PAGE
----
11/12/2023 - Last week, the Council of the European Union ('the Council') adopted the proposal for the EU Data Regulation ('the Data Act'). This new regulation sets rules on fair access to and fair use of data. According to the European Commission ('EC'), most data currently remain (unused) in the hands of just a few large companies. With the Data Act, the European Union ('EU') aims to ensure that both individuals and organisations have more control over and access to data generated by smart objects, machines and devices. 

But how will this work in practice? We dove into the text of the regulation and examined what the Data Act could mean for users, product manufacturers and third parties.  

Reforming the data economy 

With the Data Act, the EU is introducing new rules on who can access and or use generated data from all economic sectors. The aim of the regulation is, among other things, to ensure a fair distribution of data, encourage a competitive data market and create opportunities for data-driven innovation. In addition, the Data Act provides for the use of data by public authorities and EU institutions in cases where there is a need to use data, such as an emergency. Furthermore, the new regulation aims to facilitate switching between data processing service providers for users.  

New rules on access to and use of generated data 

The Data Act applies to any data collected during the use of a product (such as a smart thermostat or a vehicle) by a user, whether personal data or not. Under the Data Act, a user can be a natural or legal person who owns, rents or leases the product, such as a business or consumer.  

Under the Data Act, a manufacturer qualifies as the data holder of user-generated data, such as manufacturers of vehicles, home equipment or agricultural and industrial machinery. Manufacturers will soon be required to make data - where possible - directly accessible to the user, for example from an on-device data storage. Where the user cannot access the data directly from the product, the manufacturer must make the data available to the user free of charge and, where possible, continuously and in real time. For example, through a simple electronic request.   

Opportunities for third parties 

In addition to the above obligations, a manufacturer is also obliged to make data available to a third party upon the request by a user or by a party acting on behalf of a user. This provision complements the right of data portability provided under the AVG. In order to incentivise continued investment in generating valuable data, the Data Act allows manufacturers to request a reasonable compensation to a third party for making data available. The compensation should cover the direct costs and investment required to make data available. This means that the compensation should not refer to payment for data itself. To enable a party to assess whether the compensation requested is reasonable, a manufacturer should provide sufficient information on the calculation of the compensation.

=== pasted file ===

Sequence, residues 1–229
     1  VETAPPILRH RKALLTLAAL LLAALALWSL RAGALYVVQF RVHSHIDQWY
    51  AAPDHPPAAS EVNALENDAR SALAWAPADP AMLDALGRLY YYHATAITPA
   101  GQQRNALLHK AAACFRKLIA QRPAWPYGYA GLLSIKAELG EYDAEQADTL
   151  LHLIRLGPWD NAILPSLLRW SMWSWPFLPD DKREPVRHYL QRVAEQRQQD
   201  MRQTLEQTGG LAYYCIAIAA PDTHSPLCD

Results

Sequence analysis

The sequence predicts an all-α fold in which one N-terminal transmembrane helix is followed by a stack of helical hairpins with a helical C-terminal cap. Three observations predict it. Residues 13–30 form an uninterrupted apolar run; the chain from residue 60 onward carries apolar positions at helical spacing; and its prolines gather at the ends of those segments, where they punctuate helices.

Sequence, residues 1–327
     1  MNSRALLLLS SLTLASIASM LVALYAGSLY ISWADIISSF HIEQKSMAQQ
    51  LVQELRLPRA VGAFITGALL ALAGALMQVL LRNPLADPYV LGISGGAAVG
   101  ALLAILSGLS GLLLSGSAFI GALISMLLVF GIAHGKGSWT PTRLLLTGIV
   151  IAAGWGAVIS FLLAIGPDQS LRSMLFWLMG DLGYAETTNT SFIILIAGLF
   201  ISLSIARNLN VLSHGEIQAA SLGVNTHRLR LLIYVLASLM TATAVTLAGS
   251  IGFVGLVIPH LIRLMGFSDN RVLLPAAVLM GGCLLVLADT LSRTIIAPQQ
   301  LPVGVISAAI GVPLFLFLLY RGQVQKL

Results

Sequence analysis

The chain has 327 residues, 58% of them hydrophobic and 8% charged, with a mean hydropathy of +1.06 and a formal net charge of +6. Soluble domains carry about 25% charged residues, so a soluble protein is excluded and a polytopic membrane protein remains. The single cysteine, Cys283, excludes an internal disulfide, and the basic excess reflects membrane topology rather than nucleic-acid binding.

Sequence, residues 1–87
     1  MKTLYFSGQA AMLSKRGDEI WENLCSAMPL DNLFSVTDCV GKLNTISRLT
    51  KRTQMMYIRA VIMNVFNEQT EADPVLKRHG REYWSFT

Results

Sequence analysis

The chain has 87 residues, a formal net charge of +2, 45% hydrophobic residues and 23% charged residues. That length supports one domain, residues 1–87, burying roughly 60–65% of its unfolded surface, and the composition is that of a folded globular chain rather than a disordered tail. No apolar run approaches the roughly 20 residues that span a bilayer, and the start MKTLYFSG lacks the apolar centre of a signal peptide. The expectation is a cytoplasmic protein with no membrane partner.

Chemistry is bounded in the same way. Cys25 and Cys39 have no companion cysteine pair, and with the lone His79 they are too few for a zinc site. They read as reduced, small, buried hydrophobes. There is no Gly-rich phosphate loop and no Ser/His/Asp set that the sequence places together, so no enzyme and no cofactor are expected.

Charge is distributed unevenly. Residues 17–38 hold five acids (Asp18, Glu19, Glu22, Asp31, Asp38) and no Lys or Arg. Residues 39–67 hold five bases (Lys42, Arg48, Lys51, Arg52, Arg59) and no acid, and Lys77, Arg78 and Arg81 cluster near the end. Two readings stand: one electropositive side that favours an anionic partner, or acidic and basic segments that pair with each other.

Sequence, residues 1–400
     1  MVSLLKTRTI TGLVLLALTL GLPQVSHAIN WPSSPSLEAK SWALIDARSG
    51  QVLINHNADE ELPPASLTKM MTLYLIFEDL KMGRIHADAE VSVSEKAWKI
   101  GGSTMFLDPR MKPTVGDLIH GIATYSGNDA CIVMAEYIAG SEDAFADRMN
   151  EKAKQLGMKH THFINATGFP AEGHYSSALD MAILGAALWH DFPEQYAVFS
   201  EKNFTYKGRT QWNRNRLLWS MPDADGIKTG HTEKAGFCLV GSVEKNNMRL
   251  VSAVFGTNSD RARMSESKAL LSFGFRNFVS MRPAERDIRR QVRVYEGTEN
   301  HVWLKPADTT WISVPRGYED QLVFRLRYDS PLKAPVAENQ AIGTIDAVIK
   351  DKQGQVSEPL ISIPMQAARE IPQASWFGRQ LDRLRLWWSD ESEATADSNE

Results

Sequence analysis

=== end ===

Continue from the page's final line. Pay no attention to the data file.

What does this mean for your organisation?   

For both users and third parties, the Data Act brings many opportunities. By enabling users to obtain and transfer data more easily, companies and consumers will have more control over the data they generate. This will allow them, for instance, to benefit more from new services that depend on access to data generated through use of a product. In addition, due to data access and portability rights, third parties have more opportunities to compete with (big) data holders by being able to develop and offer, for example, aftermarket services, support or other services based on generated data.   

For manufacturers, there is much work to be done. With the arrival of the Data Act, a large number of new obligations shall apply, which they have to start implementing. Consider, for instance, setting up infrastructure to make data available to a user or a third party and setting up a procedure for handling access requests.   

When will the Data Act apply?  

Following the Council's agreement, the final regulation will be published in the EU's Official Journal in the coming weeks. On the 20th day after publication, the regulation will enter into force. After the date of entry into force, there will be a 20-month period for companies to prepare for the obligations of the regulation. After this period, the Data Act will actually apply to parties. Depending on the number of weeks before publication, the Data Act is likely to be applicable by the end of 2025.  

Lotte van de Puttelaar Legal Consultant

Questions?

Do you have any questions about the Data Act after reading this blog? Would you like to know what obligations will soon be placed on your organisation to comply with the Data Act and are you looking for pragmatic legal advice? Then contact us, we are ready to advise you.